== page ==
Monday, March 30, 2009

Great new information on what makes a good website for donations

Here's some great material from Jakob Nielson's Alertbox on
Donor Usability on your website. A must read for anyone who is seeking to increase online donations...and who isn't?

Thursday, March 12, 2009

Australian Nonprofits

Had two great days with small groups of nonprofit staff in both Melbourne and Sydney, under the auspices of the Not-For-Profit Network. Thanks to both Glen Ramos and Steve Bowman for all their help with the logistics.

The people were predictably great, and their stories fascinating. In general, Australia has not suffered as bad an economic spin as the US and Europe, although today it was announced that the AUS unemployment rate was at a 4 year high....still nothing like our 20 year high in the U.S.

One significant difference here is that nonprofits here hardly ever require their board members to do any significant fund raising (good for them). Other than that, their issues sound surprisingly familiar.

So, Chris and I are off tomorrow to Auckland to see our daughter for 10 days. Our sons will arrive Saturday. It will be good to be together.

Thursday, March 05, 2009

Heading out....

My wife and I are off today to New Zealand to see our daughter who is doing a semester abroad in Auckland. I'll be mixing work and fun, doing two gigs in Australia and one in Auckland during our time in Oceania. My sessions are being sponsored by the Not-For-Profit Network, based in Australia.

I'm really looking forward (professionally) to meet nonprofit staff and board members from both countries and to hear their stories and challenges.

Personally, I'm looking forward to seeing Caitlin, and to having her brothers down with us as well. It will be a fun time, just being together. And, I've never known anyone who traveled to NZ or AUS who didn't both love the people in both countries and have amazing stories to tell.

At least some of mine I'll share here.

Tuesday, March 03, 2009

What to do now, Part V

This is the final post in a five part series on What to do now? as our economic crisis deepens. You can see Part I, Part II, Part III, Part IV if you need to catch up.

In this final post, we'll look at a list of leadership questions. As the leader of your organization in a crisis, you have to make sure you're doing the best possible job of leading, not just being there. Here's my leadership checklist.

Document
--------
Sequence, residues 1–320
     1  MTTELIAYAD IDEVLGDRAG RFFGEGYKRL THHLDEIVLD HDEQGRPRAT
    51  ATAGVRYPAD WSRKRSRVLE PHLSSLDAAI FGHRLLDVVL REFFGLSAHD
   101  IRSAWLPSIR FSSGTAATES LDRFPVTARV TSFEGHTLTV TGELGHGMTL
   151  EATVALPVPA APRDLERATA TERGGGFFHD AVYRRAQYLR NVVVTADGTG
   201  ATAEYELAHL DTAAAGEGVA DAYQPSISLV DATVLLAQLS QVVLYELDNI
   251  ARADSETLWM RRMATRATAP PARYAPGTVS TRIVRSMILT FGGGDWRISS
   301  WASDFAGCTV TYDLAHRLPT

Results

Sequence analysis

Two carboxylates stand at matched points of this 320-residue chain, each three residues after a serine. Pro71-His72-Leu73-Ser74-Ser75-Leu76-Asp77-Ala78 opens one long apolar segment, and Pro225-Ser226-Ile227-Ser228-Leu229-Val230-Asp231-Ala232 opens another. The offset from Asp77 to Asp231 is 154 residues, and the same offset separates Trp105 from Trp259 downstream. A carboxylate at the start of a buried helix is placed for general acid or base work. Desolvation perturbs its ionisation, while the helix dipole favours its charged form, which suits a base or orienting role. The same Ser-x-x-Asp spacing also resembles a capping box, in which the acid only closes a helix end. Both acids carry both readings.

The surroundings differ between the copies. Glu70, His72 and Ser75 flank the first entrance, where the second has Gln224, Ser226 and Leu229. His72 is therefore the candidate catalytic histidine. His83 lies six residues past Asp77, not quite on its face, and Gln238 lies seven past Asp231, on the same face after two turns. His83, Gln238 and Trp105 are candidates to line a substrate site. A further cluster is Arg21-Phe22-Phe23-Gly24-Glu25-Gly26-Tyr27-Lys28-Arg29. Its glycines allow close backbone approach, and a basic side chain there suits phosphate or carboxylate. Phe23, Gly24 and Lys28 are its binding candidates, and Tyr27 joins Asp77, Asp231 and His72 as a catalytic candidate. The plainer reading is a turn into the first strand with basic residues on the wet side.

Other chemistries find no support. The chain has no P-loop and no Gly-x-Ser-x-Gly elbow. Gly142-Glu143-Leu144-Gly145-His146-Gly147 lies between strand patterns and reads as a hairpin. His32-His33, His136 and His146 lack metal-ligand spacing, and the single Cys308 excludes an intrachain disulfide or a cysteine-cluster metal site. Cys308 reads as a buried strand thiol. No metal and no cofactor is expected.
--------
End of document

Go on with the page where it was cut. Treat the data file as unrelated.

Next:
1. Am I asking the hard questions?
You need to be asking questions such as these: "Am I looking at all possibilities, even those I don't want to contemplate, such as merger, closing a program, laying off staff? Am I questioning things that have been assumed for years, like our business model, or if there's another nonprofit that can do what we do better in this situation?" These are hard, hard questions, but in a crisis, everything is on the table to keep producing mission.

2. Do I have the information I need?
Probably not enough of it, or as much as you would like.....and here's the rub: you need to share information, ask everyone their opinion (see below) but then it's your job to decide--remember in the last posting I said you needed "drop dead dates" after which you act? Well, waiting for "just a little more information" is often the death of organizations in crisis. Get as much information and input as you can, but on deadline day--decide.

3. Am I sharing information widely?
John Chambers, the CEO of Cisco has this great line---"No one of us is as smart as all of us." While I cautioned you earlier to only share what you KNOW, not what you THINK, getting as much input into your key decisions as possible will only help. Don't take all the responsibility on yourself. Ask for others' ideas.

4. If staff take a pay cut, am I taking a bigger one?
In some cases, you may go to staff and ask for everyone to take a 5 or 10 or 15% pay cut to save jobs. If that happens (and it's really tricky) and you possibly can, take a bigger cut yourself. I know everyone is in a different place financially, but the leadership value of this is unbelievable. And here's the best part: Don't tell anyone. Why? In most organizations, they'll figure it out. And if they don't you'll know what you did, and it will help assuage the guilt most ED's feel when they ask people who are already probably underpaid to take even less. Think about this.

5. Am I putting mission first?
As I said when we started this series, surviving a financial crisis is not about having the least change, the lowest job loss, the smallest's about providing the most high quality mission possible AND coming out of the other end of the crisis in the best shape possible to continue doing that. I often hear boards or ED's say---"No matter what, we don't want layoffs". Well, neither do I, but if 80% of your expenses are related to your staff......

Mission first. Use it as your beacon, your rallying cry, your ultimate metric.

6. Am I listening to everyone?
Remember John Chambers, and then remember this: There's a big difference between listening and waiting your turn to talk. Get out among your staff, let them have opportunities to talk, share, ask questions, and focus on them. Don't be checking your crackberry, or gazing off into space. Listen. They need that now, and guess what? You might hear a great idea!

7. Am I taking care of the leader?
It's really easy to stop exercising, or eating right, or sleeping at night. Although it may seem egotistical and self-centered in a crisis--you have to take care of you. That's a decision that can save your mission--so schedule you time, however it works the best. For me, in the two horrible financial upheavals I've gone through, what helped me was always one of two things-going for a run and being able to clear my head, or spending time with my kids, and having to focus on them. What works for you?